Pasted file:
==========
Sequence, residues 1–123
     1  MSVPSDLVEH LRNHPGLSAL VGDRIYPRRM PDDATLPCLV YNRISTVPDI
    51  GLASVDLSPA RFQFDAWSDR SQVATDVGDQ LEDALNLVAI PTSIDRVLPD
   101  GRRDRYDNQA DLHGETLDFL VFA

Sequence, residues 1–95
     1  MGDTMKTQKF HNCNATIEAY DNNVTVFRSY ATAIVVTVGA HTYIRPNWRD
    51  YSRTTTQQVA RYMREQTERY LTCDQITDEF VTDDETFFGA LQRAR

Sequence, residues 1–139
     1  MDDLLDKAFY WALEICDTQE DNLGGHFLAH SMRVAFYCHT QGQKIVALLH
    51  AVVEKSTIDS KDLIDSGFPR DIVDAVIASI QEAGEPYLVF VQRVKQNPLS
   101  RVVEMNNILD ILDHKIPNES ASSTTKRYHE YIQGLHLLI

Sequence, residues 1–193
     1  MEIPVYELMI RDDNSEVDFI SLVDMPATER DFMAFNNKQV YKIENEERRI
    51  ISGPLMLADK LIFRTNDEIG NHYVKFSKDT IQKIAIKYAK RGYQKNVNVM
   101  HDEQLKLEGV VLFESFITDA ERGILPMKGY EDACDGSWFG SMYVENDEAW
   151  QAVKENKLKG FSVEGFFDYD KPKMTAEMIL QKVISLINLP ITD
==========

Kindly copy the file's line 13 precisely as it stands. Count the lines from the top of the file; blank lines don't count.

     1  MEIPVYELMI RDDNSEVDFI SLVDMPATER DFMAFNNKQV YKIENEERRI